Most aspects of culture are learnt in early childhood before you know how to reason. You learn everyday things like how to greet; how to dress; what, when, and how to eat; when to go to bed; how to say “no” politely; and how to relate to strangers, friends, and people in authority.
Your concepts of family, friendship, relationships, property, privacy, time, and space are developed through parental training and reinforced through social interaction.
Rules of proper behavior are reinforced through sanctions. You learn additional skills in connection with schooling and career training. All these ideas and skills help you to make sense out of life and solve daily problems.
In the end you feel that life is “normal” as long as you can integrate what you learn into your cultural frameworks of understanding.
Culture is a total way of life and therefore pervasive.
There is no society without culture. Culture is a people’s design for living affecting every aspect of life. It functions like colored eyeglasses through which we filter what we perceive.
We don’t really notice the glasses until they get dirty, or until we start using other glasses. Moreover, you can’t change one aspect of culture without affecting other parts as well.
Culture makes life meaningful to its people.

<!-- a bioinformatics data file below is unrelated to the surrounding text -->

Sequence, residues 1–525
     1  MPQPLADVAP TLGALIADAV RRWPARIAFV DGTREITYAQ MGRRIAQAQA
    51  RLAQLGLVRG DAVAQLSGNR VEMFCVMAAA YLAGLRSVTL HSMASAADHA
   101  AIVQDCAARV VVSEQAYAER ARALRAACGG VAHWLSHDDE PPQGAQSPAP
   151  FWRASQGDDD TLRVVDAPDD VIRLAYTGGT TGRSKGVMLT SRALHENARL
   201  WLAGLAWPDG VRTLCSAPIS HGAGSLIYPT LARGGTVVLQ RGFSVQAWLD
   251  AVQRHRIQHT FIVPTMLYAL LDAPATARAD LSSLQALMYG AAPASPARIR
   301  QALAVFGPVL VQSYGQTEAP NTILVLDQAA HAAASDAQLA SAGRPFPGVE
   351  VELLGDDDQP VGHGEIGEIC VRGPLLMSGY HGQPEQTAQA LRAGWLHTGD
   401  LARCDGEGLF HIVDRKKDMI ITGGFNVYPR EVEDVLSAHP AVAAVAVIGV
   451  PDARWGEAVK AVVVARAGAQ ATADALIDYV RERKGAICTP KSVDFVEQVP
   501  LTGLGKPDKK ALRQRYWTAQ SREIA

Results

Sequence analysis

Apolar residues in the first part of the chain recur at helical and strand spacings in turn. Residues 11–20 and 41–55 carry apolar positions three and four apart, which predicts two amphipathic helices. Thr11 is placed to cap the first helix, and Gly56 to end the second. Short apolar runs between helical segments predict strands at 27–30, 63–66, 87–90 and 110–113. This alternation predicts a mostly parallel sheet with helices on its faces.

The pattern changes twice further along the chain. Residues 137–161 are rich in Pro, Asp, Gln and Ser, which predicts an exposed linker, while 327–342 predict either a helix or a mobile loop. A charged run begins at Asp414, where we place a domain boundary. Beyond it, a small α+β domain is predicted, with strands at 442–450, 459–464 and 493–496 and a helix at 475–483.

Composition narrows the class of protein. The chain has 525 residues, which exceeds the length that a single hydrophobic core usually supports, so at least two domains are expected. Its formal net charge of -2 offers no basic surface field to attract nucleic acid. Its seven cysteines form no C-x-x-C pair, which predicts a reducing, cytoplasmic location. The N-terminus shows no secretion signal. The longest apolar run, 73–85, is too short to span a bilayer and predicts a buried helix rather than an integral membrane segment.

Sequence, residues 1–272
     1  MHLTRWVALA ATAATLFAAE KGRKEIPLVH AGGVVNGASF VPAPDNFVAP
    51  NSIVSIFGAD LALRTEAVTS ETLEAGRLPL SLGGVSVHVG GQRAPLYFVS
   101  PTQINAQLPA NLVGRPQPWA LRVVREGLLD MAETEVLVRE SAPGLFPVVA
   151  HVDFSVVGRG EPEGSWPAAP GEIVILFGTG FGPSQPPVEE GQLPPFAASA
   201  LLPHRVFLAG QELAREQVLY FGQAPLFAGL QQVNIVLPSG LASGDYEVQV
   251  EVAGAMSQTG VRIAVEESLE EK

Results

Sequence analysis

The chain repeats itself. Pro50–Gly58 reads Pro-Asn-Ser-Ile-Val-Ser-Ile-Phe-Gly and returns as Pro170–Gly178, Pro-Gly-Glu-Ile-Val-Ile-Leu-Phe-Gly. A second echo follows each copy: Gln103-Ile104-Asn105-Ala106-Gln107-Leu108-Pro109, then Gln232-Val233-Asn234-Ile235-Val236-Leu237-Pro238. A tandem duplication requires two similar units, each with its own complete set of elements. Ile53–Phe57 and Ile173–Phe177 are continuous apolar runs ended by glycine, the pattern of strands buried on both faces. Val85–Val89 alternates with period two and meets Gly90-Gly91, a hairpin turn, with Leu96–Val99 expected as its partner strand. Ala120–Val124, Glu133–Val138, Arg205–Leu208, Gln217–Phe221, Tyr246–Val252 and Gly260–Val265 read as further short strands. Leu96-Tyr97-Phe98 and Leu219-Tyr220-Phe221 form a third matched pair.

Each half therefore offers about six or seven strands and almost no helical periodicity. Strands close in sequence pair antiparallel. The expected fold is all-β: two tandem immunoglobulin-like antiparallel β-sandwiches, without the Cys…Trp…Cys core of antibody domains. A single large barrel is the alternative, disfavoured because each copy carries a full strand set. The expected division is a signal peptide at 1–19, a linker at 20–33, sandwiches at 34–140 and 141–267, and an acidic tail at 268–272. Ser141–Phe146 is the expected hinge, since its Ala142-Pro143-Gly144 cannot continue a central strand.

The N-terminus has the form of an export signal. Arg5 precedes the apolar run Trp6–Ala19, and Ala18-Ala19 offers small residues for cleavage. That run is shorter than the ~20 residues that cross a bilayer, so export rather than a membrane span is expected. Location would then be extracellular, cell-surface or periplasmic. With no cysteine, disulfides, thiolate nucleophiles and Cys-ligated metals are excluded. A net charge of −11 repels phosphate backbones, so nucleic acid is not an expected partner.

It provides a society’s answers to the basic human questions all people face. These answers give meaning to life and provide an integrated logic to those within the culture even though they may seem strange to outsiders.
Culture makes communication possible.
People communicate with each other in various ways. Culture creates the symbol systems (e.g., language, gestures, signs) people need to communicate with each other in an understandable way.
Culture is reflected in language. Thus, without knowing the language of a people, missionaries will be limited in their understanding of the new culture.
What we have learned about culture has many implications for Christian service. Here are 5 implications for missionaries.
- Different is not bad. Each culture operates according to its own innate logic. We must be careful not to condemn people whose customs are not like ours as if they deliberately chose a perverted way of life.
- Cultures resist change. Since culture embraces all aspects of life, we need to be aware of the fact that we come to a people who already have a set of answers to their questions and a way of life.
- The gospel is a change agent. Before we can effectively minister in a new culture, we must first seek to understand it within its own context. Missionaries have often introduced changes without knowing how cultures change.
- Change in one aspect affects the whole. When introducing change, we must ask ourselves how this change will affect the total life of the people. Think of a car. You can’t change one part without affecting the condition of the whole system.
- Scratch where it itches. Because no society is perfectly integrated, Christians may find openings for witness in the problems and questions people cannot answer from within their own culture.
Culture is a more or less integrated total design for living in a given society and tends to resist change unless old answers to basic questions are no longer seen as valid.
What are some questions in your society which you feel are no longer adequately answered and can therefore become bridges to share Christian answers with people from your culture?
Share your thoughts in the comments below.